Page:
P.S. Don’t abuse this privilege. If you have stuff out there every day for the summer, your neighbors are bound to complain. Unless they’re the ones doing the picking!

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5 Comments

Filed under action steps, cleaning the studio, life, recycling, recycling tip, time management

5 responses to “CLEANING YOUR ATTIC Tip #3: Curb It!

  1. It’s amazing what people will take, isn’t it?

    I got rid of a truly hideous (and mildly damaged) fiberglass fountain this way. I left it out on the lawn right by the sidewalk, and after about a week someone finally took it. I was so relieved!

    I think a sign saying “FREE” would help. In my neighborhood it’s not always obvious whether something is meant for giveaway or just being stashed temporarily.

    You’re inspiring me to go put some stuff out! I’ve been meaning to, but this is the nudge that I needed.

  2. I’m with you – the goal is to get rid of the stuff. Setting it free into the universe to find a new home (vs ending up in a landfill) is the best reward. When I moved a few months back I gave away thousands of dollars of stuff. I figure it’ll all come back to me in some form someday.

  3. Deborah Hill

    Its funny but this also happens in the city of Geneva. There is a free service that one calls to pick up discarded items. It usually takes about a week before they pick up. However, during the week many people have taken anything thats relativly clean and in good shape. Leaving by the end of the week all the left over junk to be hauled off.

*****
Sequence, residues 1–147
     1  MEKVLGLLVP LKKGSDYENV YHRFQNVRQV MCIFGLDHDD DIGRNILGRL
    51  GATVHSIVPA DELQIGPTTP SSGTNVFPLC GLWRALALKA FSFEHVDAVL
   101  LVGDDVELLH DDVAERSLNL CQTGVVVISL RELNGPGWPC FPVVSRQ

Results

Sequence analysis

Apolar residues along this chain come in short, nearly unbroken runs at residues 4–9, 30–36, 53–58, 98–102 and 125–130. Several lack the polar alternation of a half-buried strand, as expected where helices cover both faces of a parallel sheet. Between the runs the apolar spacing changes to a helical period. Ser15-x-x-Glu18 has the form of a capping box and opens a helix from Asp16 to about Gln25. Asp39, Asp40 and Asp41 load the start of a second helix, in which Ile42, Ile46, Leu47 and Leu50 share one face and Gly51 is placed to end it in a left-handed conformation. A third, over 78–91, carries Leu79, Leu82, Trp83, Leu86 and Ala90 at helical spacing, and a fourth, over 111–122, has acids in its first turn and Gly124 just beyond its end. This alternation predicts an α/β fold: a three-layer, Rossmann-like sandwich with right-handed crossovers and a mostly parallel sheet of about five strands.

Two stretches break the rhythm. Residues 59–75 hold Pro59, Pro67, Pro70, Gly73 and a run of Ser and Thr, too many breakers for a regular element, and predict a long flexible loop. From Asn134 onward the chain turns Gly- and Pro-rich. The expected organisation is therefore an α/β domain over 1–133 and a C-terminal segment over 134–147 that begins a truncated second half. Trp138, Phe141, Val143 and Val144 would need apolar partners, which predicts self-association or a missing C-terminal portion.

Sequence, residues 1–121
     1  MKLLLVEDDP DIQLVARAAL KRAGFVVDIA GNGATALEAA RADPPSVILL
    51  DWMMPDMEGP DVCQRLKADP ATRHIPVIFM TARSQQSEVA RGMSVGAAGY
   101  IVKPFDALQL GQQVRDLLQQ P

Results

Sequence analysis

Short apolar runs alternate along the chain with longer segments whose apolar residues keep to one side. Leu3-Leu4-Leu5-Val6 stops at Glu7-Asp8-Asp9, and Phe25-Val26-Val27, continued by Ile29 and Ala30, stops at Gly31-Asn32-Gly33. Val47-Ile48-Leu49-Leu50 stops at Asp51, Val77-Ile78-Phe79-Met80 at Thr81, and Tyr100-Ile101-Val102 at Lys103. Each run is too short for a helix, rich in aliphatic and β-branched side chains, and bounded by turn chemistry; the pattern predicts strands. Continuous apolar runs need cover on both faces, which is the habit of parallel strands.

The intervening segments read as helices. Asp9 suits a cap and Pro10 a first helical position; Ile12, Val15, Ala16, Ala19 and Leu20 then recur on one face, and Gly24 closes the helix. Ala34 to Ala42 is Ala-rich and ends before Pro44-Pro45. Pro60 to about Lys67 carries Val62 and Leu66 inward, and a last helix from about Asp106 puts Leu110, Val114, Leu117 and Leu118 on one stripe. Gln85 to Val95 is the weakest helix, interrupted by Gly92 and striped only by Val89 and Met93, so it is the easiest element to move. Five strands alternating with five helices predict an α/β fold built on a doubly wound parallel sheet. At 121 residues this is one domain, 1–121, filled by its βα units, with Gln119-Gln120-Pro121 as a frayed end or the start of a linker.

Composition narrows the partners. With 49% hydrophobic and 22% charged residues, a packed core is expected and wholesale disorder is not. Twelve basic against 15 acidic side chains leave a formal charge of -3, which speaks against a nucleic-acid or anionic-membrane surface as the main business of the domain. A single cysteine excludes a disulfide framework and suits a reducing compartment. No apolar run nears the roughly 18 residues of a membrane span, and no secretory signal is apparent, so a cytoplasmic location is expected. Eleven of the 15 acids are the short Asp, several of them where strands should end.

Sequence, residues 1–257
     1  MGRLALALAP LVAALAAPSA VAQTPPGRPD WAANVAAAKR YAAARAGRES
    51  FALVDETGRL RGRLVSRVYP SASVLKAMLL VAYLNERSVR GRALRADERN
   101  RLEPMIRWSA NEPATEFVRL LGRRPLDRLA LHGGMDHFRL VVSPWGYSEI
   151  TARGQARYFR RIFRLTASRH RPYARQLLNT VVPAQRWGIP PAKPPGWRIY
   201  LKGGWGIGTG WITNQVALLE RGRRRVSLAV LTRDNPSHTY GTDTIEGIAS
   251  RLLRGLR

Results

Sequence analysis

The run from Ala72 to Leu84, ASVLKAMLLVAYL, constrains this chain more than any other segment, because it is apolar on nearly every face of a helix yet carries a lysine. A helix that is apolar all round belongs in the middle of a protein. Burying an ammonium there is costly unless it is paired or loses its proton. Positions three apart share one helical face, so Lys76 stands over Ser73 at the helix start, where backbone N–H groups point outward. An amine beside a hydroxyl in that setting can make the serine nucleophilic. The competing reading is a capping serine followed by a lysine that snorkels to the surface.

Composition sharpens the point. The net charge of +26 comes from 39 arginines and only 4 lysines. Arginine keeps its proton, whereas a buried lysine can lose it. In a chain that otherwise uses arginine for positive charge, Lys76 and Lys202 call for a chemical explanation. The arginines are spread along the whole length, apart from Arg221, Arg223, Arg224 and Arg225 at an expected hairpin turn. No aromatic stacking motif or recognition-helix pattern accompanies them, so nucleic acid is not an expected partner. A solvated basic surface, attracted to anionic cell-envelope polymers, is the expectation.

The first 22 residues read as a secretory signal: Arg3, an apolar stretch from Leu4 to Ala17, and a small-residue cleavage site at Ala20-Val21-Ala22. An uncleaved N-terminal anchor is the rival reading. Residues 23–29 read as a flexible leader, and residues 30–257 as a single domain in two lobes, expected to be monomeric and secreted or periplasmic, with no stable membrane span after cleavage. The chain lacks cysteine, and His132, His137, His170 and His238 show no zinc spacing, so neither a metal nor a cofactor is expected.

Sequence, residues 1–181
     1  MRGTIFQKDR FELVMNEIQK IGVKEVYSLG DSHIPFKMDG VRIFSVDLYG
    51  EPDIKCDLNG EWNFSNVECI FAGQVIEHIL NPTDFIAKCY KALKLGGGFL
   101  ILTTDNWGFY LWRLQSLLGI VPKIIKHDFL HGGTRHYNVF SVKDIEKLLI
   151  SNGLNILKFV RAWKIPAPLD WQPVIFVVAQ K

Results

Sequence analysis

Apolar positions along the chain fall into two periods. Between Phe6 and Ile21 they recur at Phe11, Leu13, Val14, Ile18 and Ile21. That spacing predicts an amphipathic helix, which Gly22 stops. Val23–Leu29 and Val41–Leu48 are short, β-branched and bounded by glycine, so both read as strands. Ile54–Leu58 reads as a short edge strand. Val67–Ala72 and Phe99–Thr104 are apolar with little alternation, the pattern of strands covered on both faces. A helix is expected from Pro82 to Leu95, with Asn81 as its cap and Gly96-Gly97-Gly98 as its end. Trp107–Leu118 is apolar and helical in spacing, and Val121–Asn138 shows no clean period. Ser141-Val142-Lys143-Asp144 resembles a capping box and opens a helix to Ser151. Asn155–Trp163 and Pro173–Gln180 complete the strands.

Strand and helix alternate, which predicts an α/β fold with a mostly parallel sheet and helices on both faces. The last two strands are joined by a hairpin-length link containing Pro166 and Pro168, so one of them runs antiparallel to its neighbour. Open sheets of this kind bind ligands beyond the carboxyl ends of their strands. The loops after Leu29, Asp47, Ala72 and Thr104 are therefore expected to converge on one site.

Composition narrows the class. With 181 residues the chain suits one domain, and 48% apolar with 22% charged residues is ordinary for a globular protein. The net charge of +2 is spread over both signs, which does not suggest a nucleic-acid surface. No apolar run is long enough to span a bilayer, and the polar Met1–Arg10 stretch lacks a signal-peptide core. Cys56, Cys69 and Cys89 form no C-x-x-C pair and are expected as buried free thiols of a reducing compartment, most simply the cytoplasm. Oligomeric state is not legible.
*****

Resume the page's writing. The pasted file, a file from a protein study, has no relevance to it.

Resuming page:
As for yard sales we call them Ville et Vous. This is where all the little neighborhoods have an assigned weekend either in spring or autum where everyone hauls out their stuff to sell. The upshot is there is live music, food stalls, and free crafts spaces for kids.
    All in all its a great way to get rid of your stuff, meet up with people in the neighborhood while eating great food and listening to cool music.
    Thanks for the clean-up series.

    Warm regards Deborah

  4. Barbara, one year someone took my “free” sign! :^D

    Lisa, great outlook, and one I’m striving for.

    Deborah, what a wonderful junk festival! My only hesitation is, I can’t hold on to my stuff for any length of time during this particular purge. It pulls me back in to hoarding mode, OR it’s just one more “thing to take care of” hanging around.

    But it could happen like that here in Keene someday. It’s nice to know there could be F*U*N involved in clearing out. :^)

  5. I live in Boston, and because of all the college students, you can go on a veritable curbside shopping spree around the end of May when they’re all leaving their apartments for the school year. I have bookshelves, chairs, tables, and more that I’ve gotten this way.

    My studio building also has an official “free stuff spot” right by our trash, and it’s an amazingly effective way to get rid of studio clutter. Sometimes items don’t last more than 5 minutes!